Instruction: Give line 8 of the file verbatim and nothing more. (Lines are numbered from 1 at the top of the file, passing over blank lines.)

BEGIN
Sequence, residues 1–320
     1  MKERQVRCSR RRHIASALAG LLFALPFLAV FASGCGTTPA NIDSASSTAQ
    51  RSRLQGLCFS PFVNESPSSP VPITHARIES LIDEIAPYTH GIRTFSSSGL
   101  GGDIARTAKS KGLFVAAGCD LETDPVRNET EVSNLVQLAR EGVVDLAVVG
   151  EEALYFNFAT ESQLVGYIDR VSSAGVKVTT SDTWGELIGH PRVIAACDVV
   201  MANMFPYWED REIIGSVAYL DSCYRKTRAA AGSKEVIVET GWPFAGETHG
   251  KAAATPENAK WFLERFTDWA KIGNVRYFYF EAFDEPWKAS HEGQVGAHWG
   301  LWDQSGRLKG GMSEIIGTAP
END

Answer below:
   301  LWDQSGRLKG GMSEIIGTAP